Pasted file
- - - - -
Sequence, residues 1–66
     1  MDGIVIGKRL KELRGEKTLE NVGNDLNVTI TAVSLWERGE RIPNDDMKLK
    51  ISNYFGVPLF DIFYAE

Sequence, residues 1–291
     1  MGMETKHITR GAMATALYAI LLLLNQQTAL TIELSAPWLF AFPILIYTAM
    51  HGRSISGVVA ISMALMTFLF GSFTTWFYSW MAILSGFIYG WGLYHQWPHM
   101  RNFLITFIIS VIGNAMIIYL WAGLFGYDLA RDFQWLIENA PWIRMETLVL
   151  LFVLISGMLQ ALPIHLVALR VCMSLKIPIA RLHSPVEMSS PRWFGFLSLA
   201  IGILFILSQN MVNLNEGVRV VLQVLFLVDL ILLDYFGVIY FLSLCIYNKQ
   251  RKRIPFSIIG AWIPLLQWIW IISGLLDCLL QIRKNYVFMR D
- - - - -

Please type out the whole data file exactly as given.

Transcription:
Sequence, residues 1–66
     1  MDGIVIGKRL KELRGEKTLE NVGNDLNVTI TAVSLWERGE RIPNDDMKLK
    51  ISNYFGVPLF DIFYAE

Sequence, residues 1–291
     1  MGMETKHITR GAMATALYAI LLLLNQQTAL TIELSAPWLF AFPILIYTAM
    51  HGRSISGVVA ISMALMTFLF GSFTTWFYSW MAILSGFIYG WGLYHQWPHM
   101  RNFLITFIIS VIGNAMIIYL WAGLFGYDLA RDFQWLIENA PWIRMETLVL
   151  LFVLISGMLQ ALPIHLVALR VCMSLKIPIA RLHSPVEMSS PRWFGFLSLA
   201  IGILFILSQN MVNLNEGVRV VLQVLFLVDL ILLDYFGVIY FLSLCIYNKQ
   251  RKRIPFSIIG AWIPLLQWIW IISGLLDCLL QIRKNYVFMR D